Nigeria turns to renewable energy as population rises

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Nigeria is turning to renewable energy in a big way. This is as a result of a population increase that has sent carbon emissions soaring and stretched power supplies to a breaking point.

Campaigners welcome the shift to renewable as an efficient way to bring power to rural communities and help clean up a country with some of the world’s worst urban pollution rates.

According to power minister Babatunde Fashola, Africa’s most populous country needs more than 10 times its current electricity output to guarantee supply for its 198 million people, nearly half of whom have no access at all.

“Ready access to electricity will reduce youth unemployment and increase productivity,” Ifeoma Malo, Nigeria country director at the global campaign group Power For All, told the Thomson Reuters Foundation.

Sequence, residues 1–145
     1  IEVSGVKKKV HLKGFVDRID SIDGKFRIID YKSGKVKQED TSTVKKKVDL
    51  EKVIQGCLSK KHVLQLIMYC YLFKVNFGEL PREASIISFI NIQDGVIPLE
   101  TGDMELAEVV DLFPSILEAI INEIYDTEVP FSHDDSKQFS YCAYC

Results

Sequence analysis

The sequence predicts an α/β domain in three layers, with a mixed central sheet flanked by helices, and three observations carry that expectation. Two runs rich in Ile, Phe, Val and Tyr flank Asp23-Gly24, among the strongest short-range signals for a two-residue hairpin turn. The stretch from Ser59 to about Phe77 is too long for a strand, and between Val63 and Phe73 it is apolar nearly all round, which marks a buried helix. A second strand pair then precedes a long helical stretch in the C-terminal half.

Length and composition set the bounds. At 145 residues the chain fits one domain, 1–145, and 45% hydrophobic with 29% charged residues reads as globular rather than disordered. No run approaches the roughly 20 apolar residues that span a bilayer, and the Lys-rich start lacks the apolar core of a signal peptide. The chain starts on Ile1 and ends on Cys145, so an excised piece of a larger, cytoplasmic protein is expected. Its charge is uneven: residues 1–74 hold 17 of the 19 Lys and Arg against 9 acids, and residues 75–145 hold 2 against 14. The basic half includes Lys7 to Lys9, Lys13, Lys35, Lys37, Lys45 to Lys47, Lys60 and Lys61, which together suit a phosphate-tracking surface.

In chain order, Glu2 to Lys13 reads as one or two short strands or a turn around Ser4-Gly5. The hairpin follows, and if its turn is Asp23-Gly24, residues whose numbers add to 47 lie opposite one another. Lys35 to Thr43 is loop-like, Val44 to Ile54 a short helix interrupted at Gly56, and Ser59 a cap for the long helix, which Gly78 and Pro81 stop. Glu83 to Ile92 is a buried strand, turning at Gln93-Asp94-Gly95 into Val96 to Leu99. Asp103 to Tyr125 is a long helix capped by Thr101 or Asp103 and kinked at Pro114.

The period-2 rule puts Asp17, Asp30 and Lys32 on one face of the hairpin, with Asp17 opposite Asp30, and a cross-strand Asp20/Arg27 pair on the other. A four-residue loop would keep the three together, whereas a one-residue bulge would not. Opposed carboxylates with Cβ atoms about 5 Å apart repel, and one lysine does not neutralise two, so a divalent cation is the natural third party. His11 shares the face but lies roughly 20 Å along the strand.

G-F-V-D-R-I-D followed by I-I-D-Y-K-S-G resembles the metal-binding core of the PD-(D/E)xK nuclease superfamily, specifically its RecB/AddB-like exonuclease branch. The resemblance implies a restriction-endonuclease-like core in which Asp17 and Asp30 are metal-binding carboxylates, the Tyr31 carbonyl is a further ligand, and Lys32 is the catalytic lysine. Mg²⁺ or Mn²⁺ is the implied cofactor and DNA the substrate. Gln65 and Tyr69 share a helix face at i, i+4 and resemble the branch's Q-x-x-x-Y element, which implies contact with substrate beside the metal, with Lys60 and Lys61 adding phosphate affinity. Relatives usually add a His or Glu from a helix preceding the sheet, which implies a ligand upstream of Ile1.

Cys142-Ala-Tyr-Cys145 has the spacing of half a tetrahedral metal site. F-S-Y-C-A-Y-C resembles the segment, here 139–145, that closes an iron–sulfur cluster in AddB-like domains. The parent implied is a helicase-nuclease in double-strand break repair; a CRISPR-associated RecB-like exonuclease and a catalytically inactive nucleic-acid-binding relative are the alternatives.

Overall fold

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“It will contribute greatly to reducing the carbon footprint of a growing energy demand by the urban population,” she added.

Nigeria had set a target of expanding electricity access to 75% of the population by 2020 and 90% by 2030. It aims to generate 30% of its total energy from renewable sources by 2030, a major commitment for an economy that depends heavily on fossil fuels.

Over the past year, the country has invested more than US $20bn in solar power projects, seeking to boost the capacity of the national grid and reduce reliance on it by building mini-grids in rural areas without mains electricity.

Just one in four people in rural Nigeria is connected to the national grid, adding to a trend of outward migration that is piling pressure on Nigeria’s already overburdened cities.

Power demand in Nigeria’s largest city Lagos vastly outstrips supply, meaning its 25 million residents must either go without, or rely on expensive, fume-belching generators.

In January the country suffered six power outages in just eight days as the national grid repeatedly collapsed under the strain, plunging most of the country into darkness.